Other movies such as Alive, The Poseidon Adventure, and The Perfect Storm all pretty much have the same super-objective for the main characters. Their basic physiological needs of maintaining their lives need to be urgently met throughout the story. Everything they do drives this need. Their super objective is therefore easy to find and play.

The next level of need is Safety and Security. This is the basic need that you and your stuff will be safe from one day to the next. You should feel safe leaving your house and you should feel save within your house. If you leave the house, then you should know that your house will be the same as you left it when you get back.

Ebenezer Scrooge living it up with his wealth.

To me, the most obvious example of a character who strives for this as his super-objective is Ebenezer Scrooge. Scrooge has all the things he needs to keep alive and is happy to keep them at the bare minimum even though he could afford much more. However, he hordes money and spurns the poor and less fortunate because the more wealth he has, the safer from poverty he is.

He hates the poor because he fears becoming one of them. To him, money equals safety and security. He doesn’t want or need anything his money can buy (a nicer home, stylish clothes, the trappings of wealth). All he wants is the money itself, cold, hard, cash so that he can feel safe.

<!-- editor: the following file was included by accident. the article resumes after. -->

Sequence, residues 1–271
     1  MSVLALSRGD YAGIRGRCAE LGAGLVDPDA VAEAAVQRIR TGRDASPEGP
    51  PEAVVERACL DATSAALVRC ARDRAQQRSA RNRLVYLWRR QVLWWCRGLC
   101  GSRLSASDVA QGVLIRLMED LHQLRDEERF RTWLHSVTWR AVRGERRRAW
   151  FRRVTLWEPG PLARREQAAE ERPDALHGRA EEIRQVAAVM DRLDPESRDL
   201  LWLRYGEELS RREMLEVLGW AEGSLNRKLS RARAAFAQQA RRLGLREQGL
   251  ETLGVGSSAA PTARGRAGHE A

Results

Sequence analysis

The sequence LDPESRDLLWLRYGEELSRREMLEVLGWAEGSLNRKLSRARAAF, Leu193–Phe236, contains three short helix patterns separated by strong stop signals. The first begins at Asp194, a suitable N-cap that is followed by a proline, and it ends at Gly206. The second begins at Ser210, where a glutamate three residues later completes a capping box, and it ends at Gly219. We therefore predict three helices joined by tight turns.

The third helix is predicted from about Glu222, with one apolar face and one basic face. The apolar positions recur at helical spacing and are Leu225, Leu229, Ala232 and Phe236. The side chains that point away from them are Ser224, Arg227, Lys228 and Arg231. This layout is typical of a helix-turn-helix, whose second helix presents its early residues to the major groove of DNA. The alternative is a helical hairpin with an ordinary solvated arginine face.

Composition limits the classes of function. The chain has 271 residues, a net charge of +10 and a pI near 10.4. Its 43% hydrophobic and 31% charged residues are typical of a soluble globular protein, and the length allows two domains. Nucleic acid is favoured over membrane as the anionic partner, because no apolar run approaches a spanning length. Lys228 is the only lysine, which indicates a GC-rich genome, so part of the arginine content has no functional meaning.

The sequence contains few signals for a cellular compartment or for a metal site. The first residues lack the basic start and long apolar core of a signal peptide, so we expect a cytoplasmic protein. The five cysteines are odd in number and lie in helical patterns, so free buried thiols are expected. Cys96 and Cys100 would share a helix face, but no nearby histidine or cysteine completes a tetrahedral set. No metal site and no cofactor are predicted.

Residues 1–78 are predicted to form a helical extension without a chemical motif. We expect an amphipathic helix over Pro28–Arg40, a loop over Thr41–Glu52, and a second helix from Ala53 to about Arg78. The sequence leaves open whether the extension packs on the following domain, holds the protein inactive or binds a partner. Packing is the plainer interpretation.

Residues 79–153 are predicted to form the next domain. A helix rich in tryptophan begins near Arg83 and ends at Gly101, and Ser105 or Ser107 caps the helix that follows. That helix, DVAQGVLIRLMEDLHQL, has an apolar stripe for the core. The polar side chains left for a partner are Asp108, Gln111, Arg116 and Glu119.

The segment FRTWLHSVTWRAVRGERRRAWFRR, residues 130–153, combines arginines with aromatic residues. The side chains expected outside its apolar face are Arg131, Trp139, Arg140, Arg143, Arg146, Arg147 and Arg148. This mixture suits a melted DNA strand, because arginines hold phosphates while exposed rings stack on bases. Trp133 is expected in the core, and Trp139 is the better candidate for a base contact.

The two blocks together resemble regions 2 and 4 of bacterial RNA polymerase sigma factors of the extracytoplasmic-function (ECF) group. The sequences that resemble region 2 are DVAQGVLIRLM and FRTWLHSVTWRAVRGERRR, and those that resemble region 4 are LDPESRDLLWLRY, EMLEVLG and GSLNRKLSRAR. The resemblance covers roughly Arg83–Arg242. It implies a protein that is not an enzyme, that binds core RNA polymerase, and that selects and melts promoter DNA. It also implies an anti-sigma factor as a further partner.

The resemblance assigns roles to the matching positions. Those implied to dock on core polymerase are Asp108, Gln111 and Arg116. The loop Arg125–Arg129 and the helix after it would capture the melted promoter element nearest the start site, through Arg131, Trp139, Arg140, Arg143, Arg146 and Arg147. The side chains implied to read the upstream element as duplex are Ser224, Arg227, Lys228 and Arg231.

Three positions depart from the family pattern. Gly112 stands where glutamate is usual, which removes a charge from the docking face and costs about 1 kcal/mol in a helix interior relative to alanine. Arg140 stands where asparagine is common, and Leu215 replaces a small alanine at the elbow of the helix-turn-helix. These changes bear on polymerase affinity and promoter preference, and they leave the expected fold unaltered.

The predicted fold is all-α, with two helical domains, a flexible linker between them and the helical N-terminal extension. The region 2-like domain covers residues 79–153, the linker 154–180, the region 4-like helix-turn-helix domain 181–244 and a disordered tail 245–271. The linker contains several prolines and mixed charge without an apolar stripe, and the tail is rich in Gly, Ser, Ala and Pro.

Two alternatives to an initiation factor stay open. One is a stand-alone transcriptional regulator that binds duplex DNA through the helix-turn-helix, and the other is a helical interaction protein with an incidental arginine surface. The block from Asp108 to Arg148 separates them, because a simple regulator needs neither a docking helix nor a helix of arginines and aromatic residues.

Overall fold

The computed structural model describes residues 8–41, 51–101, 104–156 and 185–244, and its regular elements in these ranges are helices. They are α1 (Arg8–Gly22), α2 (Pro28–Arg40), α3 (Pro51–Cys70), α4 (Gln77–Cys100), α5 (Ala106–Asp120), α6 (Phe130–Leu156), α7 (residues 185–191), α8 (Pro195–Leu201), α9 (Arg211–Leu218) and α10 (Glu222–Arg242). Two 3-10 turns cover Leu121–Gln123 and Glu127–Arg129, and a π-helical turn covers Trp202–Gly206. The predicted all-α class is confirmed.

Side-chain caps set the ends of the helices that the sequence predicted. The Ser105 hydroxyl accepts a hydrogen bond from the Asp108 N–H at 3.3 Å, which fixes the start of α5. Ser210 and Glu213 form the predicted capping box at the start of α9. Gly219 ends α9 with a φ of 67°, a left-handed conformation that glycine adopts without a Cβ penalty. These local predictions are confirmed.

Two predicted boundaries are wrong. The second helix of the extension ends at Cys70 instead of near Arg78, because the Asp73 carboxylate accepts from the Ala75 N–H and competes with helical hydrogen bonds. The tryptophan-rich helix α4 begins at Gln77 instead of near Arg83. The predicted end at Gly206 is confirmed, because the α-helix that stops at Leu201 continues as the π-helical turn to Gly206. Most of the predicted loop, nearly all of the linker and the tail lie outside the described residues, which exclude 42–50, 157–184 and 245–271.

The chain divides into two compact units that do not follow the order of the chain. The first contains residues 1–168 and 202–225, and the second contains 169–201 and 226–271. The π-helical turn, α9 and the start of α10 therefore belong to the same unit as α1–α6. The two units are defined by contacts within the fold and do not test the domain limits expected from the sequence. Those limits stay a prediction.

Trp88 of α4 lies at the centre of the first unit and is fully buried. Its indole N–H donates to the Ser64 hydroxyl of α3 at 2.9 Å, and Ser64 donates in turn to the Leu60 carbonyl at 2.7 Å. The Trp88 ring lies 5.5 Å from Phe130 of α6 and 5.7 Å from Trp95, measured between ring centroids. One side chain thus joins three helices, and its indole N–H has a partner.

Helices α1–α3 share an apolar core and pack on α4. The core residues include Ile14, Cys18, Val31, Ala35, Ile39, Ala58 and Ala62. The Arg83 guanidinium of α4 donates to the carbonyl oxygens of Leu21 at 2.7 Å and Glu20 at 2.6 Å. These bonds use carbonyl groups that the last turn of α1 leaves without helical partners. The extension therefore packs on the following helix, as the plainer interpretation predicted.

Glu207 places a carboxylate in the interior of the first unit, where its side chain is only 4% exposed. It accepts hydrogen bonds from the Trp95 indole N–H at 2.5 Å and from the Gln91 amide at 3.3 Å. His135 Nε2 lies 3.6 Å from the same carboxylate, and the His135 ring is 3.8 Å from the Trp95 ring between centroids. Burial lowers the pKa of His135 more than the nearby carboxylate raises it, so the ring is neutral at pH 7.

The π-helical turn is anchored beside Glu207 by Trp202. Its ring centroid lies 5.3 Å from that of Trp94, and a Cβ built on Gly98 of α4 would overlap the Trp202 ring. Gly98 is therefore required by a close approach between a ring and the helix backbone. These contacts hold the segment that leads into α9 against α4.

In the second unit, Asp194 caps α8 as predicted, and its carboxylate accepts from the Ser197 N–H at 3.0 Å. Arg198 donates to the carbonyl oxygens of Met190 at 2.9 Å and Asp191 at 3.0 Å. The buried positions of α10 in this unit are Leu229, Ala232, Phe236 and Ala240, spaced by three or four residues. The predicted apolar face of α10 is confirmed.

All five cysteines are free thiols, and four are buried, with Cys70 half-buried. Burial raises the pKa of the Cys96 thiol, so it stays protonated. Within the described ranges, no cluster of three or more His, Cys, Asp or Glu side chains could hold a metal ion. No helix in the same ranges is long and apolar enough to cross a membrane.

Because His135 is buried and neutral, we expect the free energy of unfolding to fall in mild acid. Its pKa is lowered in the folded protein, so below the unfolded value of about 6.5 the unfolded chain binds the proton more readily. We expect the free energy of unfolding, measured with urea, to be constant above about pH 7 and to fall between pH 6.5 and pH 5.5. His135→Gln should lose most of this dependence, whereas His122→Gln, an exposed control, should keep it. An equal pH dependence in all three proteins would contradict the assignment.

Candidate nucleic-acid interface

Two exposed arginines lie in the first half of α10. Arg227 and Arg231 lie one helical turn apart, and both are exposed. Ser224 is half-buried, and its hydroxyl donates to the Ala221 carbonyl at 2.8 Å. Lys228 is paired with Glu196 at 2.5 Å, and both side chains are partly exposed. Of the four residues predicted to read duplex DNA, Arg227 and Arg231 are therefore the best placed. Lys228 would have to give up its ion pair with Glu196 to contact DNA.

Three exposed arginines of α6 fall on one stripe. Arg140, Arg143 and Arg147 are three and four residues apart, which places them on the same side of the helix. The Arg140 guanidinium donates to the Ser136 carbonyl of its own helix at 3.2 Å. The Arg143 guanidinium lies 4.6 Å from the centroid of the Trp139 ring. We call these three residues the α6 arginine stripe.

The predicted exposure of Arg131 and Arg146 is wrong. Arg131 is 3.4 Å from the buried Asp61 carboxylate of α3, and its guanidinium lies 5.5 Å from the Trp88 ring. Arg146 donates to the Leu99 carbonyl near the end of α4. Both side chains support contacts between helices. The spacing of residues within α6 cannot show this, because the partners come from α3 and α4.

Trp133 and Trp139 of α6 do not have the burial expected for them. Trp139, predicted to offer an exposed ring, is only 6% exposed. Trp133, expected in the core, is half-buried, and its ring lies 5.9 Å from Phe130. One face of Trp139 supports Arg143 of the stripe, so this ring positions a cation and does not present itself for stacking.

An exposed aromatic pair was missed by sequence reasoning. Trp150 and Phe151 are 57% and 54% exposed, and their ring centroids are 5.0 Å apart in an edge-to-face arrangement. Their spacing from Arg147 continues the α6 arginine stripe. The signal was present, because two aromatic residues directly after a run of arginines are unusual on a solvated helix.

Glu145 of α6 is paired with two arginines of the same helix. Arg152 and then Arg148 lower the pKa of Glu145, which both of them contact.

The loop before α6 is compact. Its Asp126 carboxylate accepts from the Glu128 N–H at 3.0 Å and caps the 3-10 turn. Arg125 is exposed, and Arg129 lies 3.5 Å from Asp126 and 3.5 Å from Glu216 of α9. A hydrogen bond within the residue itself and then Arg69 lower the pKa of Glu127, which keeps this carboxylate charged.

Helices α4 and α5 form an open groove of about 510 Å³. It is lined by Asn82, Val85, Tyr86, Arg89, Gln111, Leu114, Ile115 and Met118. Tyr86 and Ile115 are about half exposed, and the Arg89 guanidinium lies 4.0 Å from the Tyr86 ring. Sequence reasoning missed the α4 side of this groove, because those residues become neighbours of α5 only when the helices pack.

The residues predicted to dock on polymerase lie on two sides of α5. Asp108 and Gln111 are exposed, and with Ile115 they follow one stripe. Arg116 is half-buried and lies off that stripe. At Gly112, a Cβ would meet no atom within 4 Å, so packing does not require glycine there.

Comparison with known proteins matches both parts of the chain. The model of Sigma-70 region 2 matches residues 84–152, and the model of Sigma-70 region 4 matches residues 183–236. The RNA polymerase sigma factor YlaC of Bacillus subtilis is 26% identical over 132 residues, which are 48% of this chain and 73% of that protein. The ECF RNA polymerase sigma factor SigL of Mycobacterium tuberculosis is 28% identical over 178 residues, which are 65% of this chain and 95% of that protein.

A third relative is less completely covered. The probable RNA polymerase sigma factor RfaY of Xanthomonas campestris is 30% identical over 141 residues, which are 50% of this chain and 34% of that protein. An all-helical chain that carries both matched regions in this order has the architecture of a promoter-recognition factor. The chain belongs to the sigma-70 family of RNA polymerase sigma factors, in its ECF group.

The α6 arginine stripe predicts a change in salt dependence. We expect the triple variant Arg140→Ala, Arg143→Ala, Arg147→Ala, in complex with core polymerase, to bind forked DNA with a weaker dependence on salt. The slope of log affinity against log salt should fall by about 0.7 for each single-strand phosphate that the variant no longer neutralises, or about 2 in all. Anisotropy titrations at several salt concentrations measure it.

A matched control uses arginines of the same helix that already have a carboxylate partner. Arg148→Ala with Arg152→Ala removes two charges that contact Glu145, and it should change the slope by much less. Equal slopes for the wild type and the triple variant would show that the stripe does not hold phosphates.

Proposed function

It is only when the ghosts show him that his wealth may be keeping his body safe, but won’t keep his soul safe and that he is putting himself in danger of eternal damnation that he changes his ways and becomes generous. He is still yearning for safety, though. It has simply changed from safety of body to safety of spirit.

So, Scrooge’s super-objective could be "to make himself safe". This could drive the actor throughout the play or movie and everything he does, spurning the poor, keeping himself from caring about others, hoarding wealth could be done to support that goal. This also may add depth and dimension to the character making him someone to root for even through his many faults.

The movie, The Pursuit of Happiness, also has safety and security as the driving force of the character. The character and his son are homeless. His super-objective is to provide a safe home for his family.

The next level of Maslow’s Hierarch of Needs is Love and Belonging. The need to love and be loved is the theme of countless plays and movies from Romeo and Juliet to The Shape of Water. Since Maslow’s time, researchers have found that giving and receiving love is not just a psychological need but a physical one as well. Providing dogs to the elderly, for example, not only helps with stress and depression, but some studies suggest it may help them live longer as well.

So yes, romantic love is a very common super-objective, but so is friendship and a need for belonging. Stand by Me, The Breakfast Club, The Sisterhood of the Traveling Pants: all great movies with leading characters whose super-objective could be connected the need for friendship or belonging.

If the movie or play basically ends when the protagonist gets the girl or guy of his or her dreams or, like Romeo and Juliet, it’s assured that they will never be together, then that character’s super-objective revolves around love and belonging.

The next level up is Self-Esteem. This means feeling good about ourselves and being valued by others. In film, this is the bread-and-butter of both Disney movies and sports movies and especially, Disney Sports Movies. Other movies with characters with a need for self-value include Legally Blonde, 8-Mile, and Hairspray.